Unification News for August 2004

IPSF Works at the De-Militarized Zone Between North and South Korea

World Culture And Sports Festival 2004
by Khorrum Omar

Part of the Interreligious Peace Sports Festival educational program was a service project at the De-Militarized Zone (DMZ) between North and South Korea. Untouched for over 50 years after the war, the De-Militarized Zone has become a symbol of harmony because it is home to hundreds of species of plants and animals that have been living together in peace.

Sixty fortunate athletes, including myself, were chosen to participate in the one-day educational tour/service project on July 27, 2004. After a four-hour bus ride and a short stop at the ticket office, we entered the DMZ. Our first stop was the train station, which had photos and artistic impressions of the aftermath of the war in the area, with some brief history behind them. Everyone was snapping photos of everything. Even the soldier on duty was not spared.

We were later taken to the underground tunnels that the North Korean army had dug during the war. The passageways were only discovered by accident during restoration of the area after the war. All of us got the opportunity to walk through one of the tunnels. Four hundred meters deep and more than 2km long, it became colder the deeper we went. As we walked through the tunnel, there were signboards that explained how coal was painted onto the walls of the passages so as to disguise it as an ordinary coal mine. There were yellow paint marks indicating holes that the diggers made in walls for inserting dynamite and blasting the wall away. For thirsty travelers, natural spring water was available through a tap that was connected to bowls that collected the natural water dripping from the tunnel ceilings. Going back up was not easy, as everyone had to stop and catch their breath at places where seats were located.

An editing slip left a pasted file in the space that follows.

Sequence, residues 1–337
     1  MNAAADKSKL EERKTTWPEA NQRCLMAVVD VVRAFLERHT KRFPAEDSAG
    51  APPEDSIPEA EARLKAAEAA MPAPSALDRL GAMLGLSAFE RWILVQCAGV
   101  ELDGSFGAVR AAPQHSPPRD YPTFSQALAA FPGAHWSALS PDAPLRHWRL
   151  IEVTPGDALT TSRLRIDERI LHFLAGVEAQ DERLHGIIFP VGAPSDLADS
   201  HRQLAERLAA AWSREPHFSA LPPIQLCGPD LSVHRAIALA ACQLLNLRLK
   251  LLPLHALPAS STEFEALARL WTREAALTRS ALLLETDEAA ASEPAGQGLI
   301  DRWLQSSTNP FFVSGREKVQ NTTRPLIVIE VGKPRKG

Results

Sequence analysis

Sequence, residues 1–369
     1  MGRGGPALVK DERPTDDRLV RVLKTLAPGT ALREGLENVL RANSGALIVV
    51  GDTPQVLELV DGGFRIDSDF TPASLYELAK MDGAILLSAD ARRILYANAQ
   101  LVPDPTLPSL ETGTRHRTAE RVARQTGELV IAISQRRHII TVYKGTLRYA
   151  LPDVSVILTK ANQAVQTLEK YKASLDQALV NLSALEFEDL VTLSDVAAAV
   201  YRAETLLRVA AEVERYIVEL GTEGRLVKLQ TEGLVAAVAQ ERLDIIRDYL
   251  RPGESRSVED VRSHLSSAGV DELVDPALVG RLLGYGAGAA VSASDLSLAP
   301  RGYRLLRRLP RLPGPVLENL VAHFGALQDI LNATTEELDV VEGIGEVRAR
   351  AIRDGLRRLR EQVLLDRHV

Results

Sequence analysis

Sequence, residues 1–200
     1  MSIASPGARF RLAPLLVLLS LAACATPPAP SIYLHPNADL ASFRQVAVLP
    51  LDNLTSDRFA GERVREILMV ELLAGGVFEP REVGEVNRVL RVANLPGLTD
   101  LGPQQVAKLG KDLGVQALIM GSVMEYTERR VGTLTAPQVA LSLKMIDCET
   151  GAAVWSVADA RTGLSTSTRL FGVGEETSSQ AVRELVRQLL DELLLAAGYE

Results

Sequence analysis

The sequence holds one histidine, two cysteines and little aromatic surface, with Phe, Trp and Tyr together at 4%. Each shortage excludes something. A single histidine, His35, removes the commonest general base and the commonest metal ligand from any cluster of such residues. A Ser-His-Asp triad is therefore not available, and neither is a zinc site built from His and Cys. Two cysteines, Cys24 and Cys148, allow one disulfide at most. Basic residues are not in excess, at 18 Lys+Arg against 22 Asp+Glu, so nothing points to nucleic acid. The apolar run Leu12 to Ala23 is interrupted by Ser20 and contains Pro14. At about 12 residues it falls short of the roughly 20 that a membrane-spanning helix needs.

It was not until we got to one of the observation towers that we had a better view of the DMZ area. A South Korean Army sergeant explained to us the various places of interest as we looked through the huge glass windows that gave us an almost birdís eye view of the beautiful area. After the short briefing, participants got to look through telescopes to see the places that we were told about. However, no one was allowed to take pictures beyond the observation tower.

A short distance away, we were driven to a home-like restaurant where we had lunch. The food tasted so delicious because the ingredients were freshly picked from the nearby farmlands. Bowls were refilled over and over again, so everyone left the restaurant with a full stomach.

The last part of the program was the service project. We were given gloves and sickles. Our task was to clear the overgrown land of weeds that had grown high and spread wide. One of the participants, Mr. Kenny Holiday, started humming a tune, and one by one we started humming our own tunes. The hot sun took a lot out of everyone, but by the end of the work, we were treated to a refreshing drink and ice cream. Some of the athletes from Singapore went to the nearby river to refresh themselves. The cool and fresh river water was re-energizing.

Although it was not what most of us expected, the trip to the DMZ was fun and educational. Everyone, especially those who have never experienced anything like this, will remember this for many years to come.

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